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6 common WordPress errors and their quick fixes

6 common WordPress errors and their quick fixes

Posted 14th May, 2019 by William

Every platform has its flaws. When it comes to WordPress, there are a few common errors you may encounter while working on your site, ranging from mild annoyances to serious problems.

Fortunately, experienced WordPress users have found ways to quickly fix those errors. By learning these solutions, you’ll be prepared to deal with issues swiftly and effectively.

In this article, we’ll take a closer look at six of the most common WordPress errors and how to resolve them.

Why you may encounter errors on your WordPress site

There are a few reasons you’ll probably see errors on your WordPress site at some point. Some are due to simple human mistakes or problems with your server. However, there are also specific WordPress characteristics that can lead to issues.

For example, since it’s an open source platform, WordPress has contributors who create thousands of themes and plug-ins. Although this is one of the platform’s strengths, it can also lead to compatibility issues. It’s impossible for any one developer to account for every other contributor’s code, just to ensure that everything works smoothly.

Ultimately, dealing with errors is simply one of the many responsibilities of managing a website. Learning about common issues and their fixes can position you to resolve them quickly and minimise negative consequences.

6 common WordPress errors and their quick fixes

While there are plenty of errors that can occur within WordPress, these are six of the most common. Let’s start with the most infamous issue.

1. The White Screen of Death

When faced with the White Screen of Death (WSoD), your website will display a blank screen in place of some or all of its pages. This is often the result of a compatibility issue with a new plug-in or theme.

If your site has an activity log, you can look for the most recently installed or updated plug-ins and themes. One of them is likely to be the problem and deactivating it should resolve the issue. You can also deactivate your plug-ins and themes one by one, until you find the source.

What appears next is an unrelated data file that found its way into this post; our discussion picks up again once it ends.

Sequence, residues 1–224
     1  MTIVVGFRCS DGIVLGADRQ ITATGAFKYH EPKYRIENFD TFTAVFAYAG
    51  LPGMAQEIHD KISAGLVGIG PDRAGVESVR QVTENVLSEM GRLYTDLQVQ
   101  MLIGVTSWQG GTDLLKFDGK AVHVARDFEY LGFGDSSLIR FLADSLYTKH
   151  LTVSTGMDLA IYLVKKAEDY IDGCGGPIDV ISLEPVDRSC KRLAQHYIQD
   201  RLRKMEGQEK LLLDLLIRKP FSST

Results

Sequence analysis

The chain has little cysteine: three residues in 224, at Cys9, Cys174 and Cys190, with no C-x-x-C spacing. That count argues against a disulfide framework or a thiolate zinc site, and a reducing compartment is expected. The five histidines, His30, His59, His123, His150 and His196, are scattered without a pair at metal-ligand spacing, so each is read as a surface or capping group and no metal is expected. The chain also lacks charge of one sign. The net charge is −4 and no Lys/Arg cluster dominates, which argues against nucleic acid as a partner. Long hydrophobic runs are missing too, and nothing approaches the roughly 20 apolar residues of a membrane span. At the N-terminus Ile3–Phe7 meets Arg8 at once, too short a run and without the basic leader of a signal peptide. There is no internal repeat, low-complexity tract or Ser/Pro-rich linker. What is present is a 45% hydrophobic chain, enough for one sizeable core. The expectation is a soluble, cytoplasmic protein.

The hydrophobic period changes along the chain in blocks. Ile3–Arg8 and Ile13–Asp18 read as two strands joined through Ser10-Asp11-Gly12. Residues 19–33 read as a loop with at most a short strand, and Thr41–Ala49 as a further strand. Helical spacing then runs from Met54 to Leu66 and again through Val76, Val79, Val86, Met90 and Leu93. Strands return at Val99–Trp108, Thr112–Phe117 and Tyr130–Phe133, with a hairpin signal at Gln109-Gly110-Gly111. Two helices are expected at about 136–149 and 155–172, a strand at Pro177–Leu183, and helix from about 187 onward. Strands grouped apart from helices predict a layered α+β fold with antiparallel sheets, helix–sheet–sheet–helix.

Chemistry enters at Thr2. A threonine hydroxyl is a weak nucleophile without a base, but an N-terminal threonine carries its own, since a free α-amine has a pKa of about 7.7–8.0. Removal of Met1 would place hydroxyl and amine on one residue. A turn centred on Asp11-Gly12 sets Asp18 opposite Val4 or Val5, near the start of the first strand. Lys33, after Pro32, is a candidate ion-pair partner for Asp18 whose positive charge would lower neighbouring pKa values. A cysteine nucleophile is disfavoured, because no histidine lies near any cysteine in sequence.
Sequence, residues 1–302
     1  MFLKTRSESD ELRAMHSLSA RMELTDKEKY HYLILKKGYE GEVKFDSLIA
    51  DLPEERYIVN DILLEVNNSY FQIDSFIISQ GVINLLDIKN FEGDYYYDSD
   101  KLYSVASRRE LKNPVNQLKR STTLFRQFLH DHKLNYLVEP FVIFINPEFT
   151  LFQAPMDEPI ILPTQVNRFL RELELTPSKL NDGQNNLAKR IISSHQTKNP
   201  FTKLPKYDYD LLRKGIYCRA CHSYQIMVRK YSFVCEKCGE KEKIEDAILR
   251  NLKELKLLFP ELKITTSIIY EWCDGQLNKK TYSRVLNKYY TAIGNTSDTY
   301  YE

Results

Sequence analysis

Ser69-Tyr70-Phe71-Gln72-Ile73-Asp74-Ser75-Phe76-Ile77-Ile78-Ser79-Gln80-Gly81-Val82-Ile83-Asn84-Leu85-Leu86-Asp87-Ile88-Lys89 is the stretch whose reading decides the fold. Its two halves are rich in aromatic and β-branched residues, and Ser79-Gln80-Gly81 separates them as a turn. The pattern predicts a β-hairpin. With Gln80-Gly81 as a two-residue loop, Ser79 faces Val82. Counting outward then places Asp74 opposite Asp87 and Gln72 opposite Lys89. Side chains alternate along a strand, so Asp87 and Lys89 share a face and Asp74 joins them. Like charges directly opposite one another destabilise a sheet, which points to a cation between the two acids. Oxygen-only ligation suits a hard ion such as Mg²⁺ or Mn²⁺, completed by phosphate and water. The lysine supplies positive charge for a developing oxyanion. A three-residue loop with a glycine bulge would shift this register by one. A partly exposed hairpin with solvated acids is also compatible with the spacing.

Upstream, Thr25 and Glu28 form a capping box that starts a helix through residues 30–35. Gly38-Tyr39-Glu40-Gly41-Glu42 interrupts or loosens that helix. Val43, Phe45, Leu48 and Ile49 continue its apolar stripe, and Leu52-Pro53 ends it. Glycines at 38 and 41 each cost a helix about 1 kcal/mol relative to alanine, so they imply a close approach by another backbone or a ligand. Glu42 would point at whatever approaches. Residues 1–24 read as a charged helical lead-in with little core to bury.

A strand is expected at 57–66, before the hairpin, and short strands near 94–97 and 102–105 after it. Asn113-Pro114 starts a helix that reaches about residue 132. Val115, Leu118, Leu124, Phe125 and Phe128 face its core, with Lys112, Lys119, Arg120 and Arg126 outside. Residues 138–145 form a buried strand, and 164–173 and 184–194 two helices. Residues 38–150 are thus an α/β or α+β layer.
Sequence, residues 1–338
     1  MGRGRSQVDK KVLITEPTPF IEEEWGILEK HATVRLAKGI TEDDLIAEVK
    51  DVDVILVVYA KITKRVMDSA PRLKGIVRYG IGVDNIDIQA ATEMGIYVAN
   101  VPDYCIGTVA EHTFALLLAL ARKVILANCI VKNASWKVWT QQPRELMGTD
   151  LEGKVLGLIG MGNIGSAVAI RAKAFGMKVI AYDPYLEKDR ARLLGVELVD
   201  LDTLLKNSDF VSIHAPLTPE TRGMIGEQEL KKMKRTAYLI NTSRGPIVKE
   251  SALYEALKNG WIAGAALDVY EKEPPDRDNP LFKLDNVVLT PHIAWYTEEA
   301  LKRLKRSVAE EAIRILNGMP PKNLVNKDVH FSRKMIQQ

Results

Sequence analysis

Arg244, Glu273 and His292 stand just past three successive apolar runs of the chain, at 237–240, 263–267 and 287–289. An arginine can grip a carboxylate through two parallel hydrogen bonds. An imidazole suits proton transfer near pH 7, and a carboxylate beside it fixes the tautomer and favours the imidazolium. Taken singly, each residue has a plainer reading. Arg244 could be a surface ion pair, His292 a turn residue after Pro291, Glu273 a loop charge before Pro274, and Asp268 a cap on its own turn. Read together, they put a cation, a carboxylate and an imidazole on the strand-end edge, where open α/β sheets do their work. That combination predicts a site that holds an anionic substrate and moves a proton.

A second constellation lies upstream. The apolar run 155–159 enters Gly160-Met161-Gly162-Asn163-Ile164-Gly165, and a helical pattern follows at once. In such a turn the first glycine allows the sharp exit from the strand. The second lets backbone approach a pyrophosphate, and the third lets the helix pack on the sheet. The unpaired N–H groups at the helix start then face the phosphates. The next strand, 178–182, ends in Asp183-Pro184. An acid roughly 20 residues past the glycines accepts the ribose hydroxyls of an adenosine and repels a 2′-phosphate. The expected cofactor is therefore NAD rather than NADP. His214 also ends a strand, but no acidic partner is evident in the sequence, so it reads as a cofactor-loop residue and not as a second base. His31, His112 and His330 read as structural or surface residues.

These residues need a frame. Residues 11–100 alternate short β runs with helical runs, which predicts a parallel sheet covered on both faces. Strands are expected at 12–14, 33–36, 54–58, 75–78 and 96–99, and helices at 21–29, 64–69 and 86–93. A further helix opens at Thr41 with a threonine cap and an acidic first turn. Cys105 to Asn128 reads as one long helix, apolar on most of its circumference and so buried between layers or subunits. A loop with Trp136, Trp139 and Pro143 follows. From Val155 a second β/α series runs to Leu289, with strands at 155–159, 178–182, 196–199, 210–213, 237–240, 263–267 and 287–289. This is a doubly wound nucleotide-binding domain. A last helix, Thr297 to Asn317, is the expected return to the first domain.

In some instances, the WSoD will prevent you from accessing your admin area. If that’s the case, you’ll need to remove the offending plug-in or theme via File Transfer Protocol (FTP). If that doesn’t fix the issue, the WSoD could also be the result of you hitting your memory limit. You can try increasing it by editing your wp-config.php file to see if that brings your site back online.

In the event that both of these fixes fail to revive your site, putting it in debug mode can help you pinpoint the problem. In debug mode, you’ll receive notifications regarding issues with your site, which should show you where the problem is.

2. Internal server error

An internal server error is when something has gone wrong, but your server isn’t exactly sure what the problem is. The first way to approach this problem is to look for plug-in or theme compatibility issues and increase your memory limit, as described in the previous section.

However, it’s also likely that your site’s .htaccess file has become corrupted. To fix it, access the file via FTP and change its name to .htaccess_old. Then reload your site. If the internal server error is resolved, log-in to your site and reset your default permalink structure by navigating to Settings > Permalinks. This will generate a new .htaccess file.